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I wasn’t sure what we were looking for, or confident we would find anything of value-value to the investigation, that is. At first glance, I was just seeing the sorts of things one finds in the back of anyone’s closet. The hand-painted wooden figure that was probably made by one of his sons while they were in Boy Scouts, the framed certificate denoting his twenty years in the Lion’s Club, a weirdly-shaped bottle opener. There was even an old Timex watch in one of the boxes, but it wasn’t the one I was looking for. If all the accumulated things told me anything, it was just that Conrad Carroll was just an average guy.

An idea popped into my head (I have no idea why) and I asked Angela, “Do you know if Kevin Jefferson ever hit your husband up for a loan?”

“Not that I know of. Why?”

“Just grasping at straws. I’m thinking your husband’s a banker. Jefferson needs some money, so he hits up his friend from the archeology club-”

“Jefferson wasn’t in the club,” she corrected.

“Oh, right. Anyway, I’m just thinking maybe he asks Conrad for some sort of friendly deal. Half the normal interest rate-or no rate at all, maybe. Conrad says no, Jefferson gets mad and kills him.”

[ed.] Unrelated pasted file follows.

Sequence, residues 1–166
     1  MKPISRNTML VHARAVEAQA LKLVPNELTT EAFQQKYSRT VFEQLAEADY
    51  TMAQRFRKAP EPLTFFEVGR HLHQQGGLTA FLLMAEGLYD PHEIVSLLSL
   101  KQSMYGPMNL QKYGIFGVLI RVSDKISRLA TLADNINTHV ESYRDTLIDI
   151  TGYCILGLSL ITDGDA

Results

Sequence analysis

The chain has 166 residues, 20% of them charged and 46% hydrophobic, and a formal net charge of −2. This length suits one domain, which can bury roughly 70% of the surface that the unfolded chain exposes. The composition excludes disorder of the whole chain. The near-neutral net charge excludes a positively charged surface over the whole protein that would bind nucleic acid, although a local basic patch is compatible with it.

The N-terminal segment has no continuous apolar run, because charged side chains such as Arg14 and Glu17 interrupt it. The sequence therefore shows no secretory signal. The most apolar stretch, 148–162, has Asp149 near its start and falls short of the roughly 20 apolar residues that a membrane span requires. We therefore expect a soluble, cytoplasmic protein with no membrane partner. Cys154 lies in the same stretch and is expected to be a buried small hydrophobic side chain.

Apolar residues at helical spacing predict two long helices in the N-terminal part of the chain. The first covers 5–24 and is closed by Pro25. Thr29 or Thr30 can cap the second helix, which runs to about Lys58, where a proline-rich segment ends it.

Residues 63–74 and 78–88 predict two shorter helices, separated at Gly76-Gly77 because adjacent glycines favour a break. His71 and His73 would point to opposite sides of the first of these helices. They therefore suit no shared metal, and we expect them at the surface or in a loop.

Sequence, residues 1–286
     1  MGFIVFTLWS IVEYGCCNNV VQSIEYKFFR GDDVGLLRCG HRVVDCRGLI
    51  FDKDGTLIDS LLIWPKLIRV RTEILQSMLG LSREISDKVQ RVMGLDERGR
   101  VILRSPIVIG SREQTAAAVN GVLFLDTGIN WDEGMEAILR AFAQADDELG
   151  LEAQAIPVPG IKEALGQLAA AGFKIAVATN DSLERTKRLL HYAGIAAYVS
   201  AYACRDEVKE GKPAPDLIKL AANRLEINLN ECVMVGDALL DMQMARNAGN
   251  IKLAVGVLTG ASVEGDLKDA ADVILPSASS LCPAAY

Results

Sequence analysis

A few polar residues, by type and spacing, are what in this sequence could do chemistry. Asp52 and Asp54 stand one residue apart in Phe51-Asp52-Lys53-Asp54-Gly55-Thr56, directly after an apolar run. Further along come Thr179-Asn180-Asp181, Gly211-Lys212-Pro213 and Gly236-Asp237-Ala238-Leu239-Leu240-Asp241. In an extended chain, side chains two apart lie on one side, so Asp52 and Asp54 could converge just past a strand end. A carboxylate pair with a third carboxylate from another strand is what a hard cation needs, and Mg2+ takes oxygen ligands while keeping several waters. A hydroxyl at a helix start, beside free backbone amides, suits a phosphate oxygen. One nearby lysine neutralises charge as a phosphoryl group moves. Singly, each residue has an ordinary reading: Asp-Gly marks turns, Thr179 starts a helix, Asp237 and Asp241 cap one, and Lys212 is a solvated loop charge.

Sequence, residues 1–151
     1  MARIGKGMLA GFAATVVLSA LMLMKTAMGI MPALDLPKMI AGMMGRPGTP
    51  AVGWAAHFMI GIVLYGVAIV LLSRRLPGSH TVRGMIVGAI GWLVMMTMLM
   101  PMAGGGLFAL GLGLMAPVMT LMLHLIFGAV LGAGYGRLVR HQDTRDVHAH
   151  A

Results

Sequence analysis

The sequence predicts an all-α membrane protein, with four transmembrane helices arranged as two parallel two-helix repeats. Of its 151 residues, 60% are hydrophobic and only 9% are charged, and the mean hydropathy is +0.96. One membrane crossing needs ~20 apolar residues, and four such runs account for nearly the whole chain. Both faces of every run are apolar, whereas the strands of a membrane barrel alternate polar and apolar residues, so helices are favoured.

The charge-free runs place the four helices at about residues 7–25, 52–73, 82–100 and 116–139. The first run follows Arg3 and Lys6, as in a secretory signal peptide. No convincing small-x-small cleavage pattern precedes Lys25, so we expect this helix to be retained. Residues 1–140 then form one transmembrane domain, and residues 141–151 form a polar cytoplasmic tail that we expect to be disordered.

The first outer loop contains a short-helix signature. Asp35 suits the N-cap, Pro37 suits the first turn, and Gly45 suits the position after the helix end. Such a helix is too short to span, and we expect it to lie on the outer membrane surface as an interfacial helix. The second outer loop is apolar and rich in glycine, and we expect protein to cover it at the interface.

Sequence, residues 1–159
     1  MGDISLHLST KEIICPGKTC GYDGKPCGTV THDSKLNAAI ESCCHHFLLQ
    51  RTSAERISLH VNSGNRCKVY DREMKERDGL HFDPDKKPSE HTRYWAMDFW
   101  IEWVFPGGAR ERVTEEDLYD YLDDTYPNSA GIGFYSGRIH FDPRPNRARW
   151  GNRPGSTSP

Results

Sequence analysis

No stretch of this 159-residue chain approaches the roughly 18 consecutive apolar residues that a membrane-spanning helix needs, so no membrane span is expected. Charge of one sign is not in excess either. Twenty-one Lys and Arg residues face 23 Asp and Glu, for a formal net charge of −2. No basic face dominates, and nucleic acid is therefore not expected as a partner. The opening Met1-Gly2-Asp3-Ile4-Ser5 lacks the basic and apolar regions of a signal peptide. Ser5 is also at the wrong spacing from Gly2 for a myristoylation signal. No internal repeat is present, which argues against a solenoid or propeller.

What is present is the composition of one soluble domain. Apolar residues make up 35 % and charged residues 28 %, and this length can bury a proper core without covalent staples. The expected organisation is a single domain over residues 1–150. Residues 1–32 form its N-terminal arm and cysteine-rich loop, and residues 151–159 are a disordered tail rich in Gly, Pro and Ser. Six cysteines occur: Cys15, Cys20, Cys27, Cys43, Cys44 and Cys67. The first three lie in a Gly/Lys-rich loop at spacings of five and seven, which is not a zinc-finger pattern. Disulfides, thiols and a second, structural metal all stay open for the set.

Angela was shaking her head as Jody replied for her, “That would be kind of a stretch, wouldn’t it? I mean, he might hold a gun on him until he could produce some money, but what good would killing him do?”

“And no money was ever missing,” Angela injected.

“Murderers aren’t always logical,” I defended. “And, like I say, I’m just grasping.”

The boxes had a lot of mementos and a few documents-some in frames, some not-but none of them sent up a flag for either Jody or I. And we didn’t come across anything that led Angela-as in a mystery movie on TV-to jump forward and exclaim, “That’s the thing the mysterious stranger gave my husband the night before he [the stranger] died from an acutely spastic colon!”

My mind kept getting drawn back to that notebook of baseball cards, but I chalked it up not to intuition but just obsession.

More Ways to Read about Garison Fitch!

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You can now read Kindle books on an Android or a Mac! Just go to Amazon and click on any of the Kindle links on the front page. It’ll show you how to dowload FREE software that will enable you to order and read all Kindle-available books on your Android, Mac, iPhone, iPad, Blackberry or Windows PC!